The lights are on
What new ideas the game brings to the table and how well old ideas are presented.
How good a game looks, taking into account any flaws such as bad collision or pop-up.
Does the game’s music and sound effects get you involved or do they make you resolve to always play with the volume down?
Basically, the controller to human interface. The less you think about the hunk of plastic in your hands, the better the playability.
Flat out, just how fun the game is to play. The most important factor in rating a game.
In the first installment of the Alan Wake series, developer Remedy
Entertainment invited gamers to experience a mystery with no end. After
leaving Alan in a precarious position at Cauldron Lake, gamers flocked
to message boards to provide clarity to this game’s story. Was Alan an
asylum escapee conjuring demons in his mind? Was he a writer whose typed
words magically altered the world? Or was he fast asleep and trapped in
a nightmare? Any one of these theories – not to mention a handful of
others I’ve discussed with fellow Alan Wake fans – could be the answer
guiding this tormented protagonist into the heart of hell.
completed American Nightmare, the first sequel in this series, my coworker
Joe Juba didn’t ask me the usual, “How was it?” He instead led with,
“Does it explain anything?” Not since the TV show Lost have I seen people more concerned about plot revelations than the quality of the product.
Nightmare expands upon the mystery and fuels the fire behind almost
every theory out there, but ends up coming across as the second chapter
of a lengthy book. If the first game in the series can be viewed as the
introduction to the mystery, this sequel shows us just how crazy, deep,
and confusing it can be. Story content surrounding the mysteries is deep
and layered, allowing new theories to be generated and old ones to
still exist, but don’t expect to walk away from this game with any sort
of understanding as to what is happening to Alan.
Remedy is taking
us deeper into the rabbit hole, with Alan trapped in a time loop and
forced to relive the same moments of his life over and over again. In an
interesting twist, Alan isn’t the only one person experiencing déjà vu.
All of the inhabitants of small Arizona town Night Springs are
cognizant of the time paradox and most are willing to lend a hand to
Alan to figure out how to stop it. At the heart of the problem is Alan’s
evil doppelganger, Mr. Scratch, a villain who mostly appears on screen
as a real human being played by Finnish actor Iikka Villi. He delivers a
strong performance and makes for a great antagonist.
that Remedy spins is both engaging and exciting, but is too quickly
paced and doesn’t take the time to flesh out the secondary characters or
establish Night Springs as an attention-grabbing location. Those great
slow moments in the first game (Alan first arriving in Bright Falls, the
cabin, the asylum) are nowhere to be found in this sequel, though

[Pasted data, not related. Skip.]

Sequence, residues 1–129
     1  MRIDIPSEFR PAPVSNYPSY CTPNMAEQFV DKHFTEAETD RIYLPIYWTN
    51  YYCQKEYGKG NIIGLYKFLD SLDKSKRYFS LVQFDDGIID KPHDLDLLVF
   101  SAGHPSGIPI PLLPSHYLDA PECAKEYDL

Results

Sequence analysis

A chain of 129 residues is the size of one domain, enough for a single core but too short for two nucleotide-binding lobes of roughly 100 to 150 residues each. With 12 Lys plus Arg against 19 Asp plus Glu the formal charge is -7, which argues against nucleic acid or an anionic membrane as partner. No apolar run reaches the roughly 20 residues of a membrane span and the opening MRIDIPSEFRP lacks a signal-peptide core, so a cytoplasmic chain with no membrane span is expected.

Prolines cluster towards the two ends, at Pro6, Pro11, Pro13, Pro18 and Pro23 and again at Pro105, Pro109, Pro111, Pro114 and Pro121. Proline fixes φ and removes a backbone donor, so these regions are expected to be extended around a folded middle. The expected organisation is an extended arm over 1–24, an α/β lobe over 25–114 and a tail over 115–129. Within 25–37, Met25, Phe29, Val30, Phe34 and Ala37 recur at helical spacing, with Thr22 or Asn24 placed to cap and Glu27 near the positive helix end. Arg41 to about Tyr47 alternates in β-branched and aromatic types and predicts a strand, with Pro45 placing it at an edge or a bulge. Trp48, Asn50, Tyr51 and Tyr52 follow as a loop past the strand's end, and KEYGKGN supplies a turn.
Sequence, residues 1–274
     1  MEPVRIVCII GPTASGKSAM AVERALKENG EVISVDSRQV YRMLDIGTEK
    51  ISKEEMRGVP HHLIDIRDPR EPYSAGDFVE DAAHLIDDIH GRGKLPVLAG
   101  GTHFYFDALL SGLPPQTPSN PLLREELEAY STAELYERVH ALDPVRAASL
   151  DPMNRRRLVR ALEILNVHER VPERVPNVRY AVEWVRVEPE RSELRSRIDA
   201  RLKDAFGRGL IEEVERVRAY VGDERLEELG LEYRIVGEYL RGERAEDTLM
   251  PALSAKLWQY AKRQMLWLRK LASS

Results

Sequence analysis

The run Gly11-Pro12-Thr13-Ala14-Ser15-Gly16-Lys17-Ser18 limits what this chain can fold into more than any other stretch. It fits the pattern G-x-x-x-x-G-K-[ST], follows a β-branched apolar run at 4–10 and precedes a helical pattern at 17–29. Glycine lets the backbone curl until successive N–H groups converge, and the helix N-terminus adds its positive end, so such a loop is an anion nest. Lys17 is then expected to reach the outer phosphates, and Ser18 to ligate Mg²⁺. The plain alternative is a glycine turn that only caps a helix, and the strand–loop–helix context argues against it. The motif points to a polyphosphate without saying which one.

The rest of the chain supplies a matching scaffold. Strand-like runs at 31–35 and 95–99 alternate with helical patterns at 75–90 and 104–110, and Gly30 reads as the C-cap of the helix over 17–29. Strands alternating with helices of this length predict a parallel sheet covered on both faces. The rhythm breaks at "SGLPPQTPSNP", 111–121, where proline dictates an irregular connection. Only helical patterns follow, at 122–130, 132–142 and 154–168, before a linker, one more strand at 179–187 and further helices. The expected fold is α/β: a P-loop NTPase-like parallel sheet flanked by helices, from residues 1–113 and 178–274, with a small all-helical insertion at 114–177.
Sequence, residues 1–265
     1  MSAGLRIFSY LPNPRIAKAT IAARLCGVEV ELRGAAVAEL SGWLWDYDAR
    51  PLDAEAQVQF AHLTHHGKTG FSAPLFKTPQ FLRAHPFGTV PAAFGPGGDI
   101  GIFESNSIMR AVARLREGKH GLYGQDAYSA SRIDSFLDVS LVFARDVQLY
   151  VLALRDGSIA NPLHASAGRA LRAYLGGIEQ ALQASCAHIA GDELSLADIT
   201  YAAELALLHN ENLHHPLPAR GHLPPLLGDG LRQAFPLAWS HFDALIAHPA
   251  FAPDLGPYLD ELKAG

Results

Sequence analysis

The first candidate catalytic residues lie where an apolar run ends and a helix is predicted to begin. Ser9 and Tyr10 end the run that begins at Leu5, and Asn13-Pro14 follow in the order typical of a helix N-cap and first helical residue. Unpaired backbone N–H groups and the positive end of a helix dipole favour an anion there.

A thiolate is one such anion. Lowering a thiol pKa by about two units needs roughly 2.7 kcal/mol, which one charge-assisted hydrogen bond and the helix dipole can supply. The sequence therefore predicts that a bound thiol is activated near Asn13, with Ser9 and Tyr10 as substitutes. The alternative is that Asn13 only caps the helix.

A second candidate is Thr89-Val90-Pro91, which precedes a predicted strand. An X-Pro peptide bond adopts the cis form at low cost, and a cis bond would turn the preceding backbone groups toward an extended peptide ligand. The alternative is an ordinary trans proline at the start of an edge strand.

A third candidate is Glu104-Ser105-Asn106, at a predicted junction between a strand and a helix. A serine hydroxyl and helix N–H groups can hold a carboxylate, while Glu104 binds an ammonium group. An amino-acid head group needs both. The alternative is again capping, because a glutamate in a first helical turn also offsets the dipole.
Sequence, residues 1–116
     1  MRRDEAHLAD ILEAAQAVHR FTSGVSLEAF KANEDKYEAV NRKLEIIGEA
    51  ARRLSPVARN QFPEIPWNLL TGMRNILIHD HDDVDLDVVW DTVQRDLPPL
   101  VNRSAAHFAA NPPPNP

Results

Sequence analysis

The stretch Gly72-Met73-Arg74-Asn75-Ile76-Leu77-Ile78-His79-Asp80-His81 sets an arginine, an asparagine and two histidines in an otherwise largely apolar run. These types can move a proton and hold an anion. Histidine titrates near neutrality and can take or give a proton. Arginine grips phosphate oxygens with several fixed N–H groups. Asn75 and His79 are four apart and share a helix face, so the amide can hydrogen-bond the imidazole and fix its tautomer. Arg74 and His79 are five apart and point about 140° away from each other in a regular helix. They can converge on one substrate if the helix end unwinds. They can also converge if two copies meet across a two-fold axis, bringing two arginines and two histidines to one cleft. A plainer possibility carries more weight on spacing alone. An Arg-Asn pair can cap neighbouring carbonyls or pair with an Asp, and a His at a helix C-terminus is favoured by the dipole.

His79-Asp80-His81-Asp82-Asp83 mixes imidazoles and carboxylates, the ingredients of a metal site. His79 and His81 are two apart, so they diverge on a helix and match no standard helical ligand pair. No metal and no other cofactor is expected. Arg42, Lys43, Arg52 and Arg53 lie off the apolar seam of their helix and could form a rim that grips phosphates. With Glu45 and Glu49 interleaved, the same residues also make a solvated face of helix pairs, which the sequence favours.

cutting the long, eventless stretches of highway driving is welcome.
Conversations with Night Springs residents are mostly focused on the
events at hand, and there isn’t much in terms of exploration or
wandering. The most memorable story moments came from hidden documents
that Alan had written (which are much easier to find this time thanks to
them being highlighted on the mini-map).
The speed with which
Alan can move from one story sequence to the next also has a negative
effect on Remedy’s decision to repeat entire gameplay sequences. I know
that the feeling of repetition is intentional, but when the environments
and people I interacted with along the way were uninteresting the first
time, my disenchantment with them only grew on the second and third
visits. Remedy does a great job of conveying Alan’s growing knowledge of
the events at hand for each subsequent visit, but the moments were
pedestrian to begin with and the variations made to them are minor.
exploration of his surroundings is a more concentrated experience,
which works in favor of the gameplay but against getting immersed into
the world. The three areas he visits (and visits again and again) are
smaller in size, more guided in the direction he must go, and loaded
with excellently crafted combat encounters.
Alan’s most powerful
weapon is still his flashlight, the only tool in the world that can burn
away the evil presence affecting Night Springs’ townsfolk, but he also
wields a more robust selection of firearms. Chewing up adversaries with a
machine gun or carbine rifle feels fantastic and is a testament to
Remedy’s excellent gunplay design.
The selection of enemies is
much better this time around as well. Yes, enemies are repeated often
and I ended up killing more firefighters than New York City probably
employs, but Remedy does a nice job of changing up the adversary
formations and scaling the difficulty tied to each. The combat system
shines the most in the game’s new Arcade Action mode, which pits Alan
against increasingly difficult waves of enemies over a set amount of
time. The player’s goal in this mode is to chain together kills to raise
a scoring multiplier. Arcade Action is surprisingly deep, consisting of 10 nicely designed maps.
I didn’t feel as connected to Alan’s
world or story, which were the main draws for me in
the first game, but the gameplay is streamlined and improved in this sequel. American
Nightmare is not quite as gripping of an experience, but I certainly got
my mystery-laden, flashlight-burning fun out of it.
Email the author Andrew Reiner, or follow on Twitter, Facebook, and Game Informer.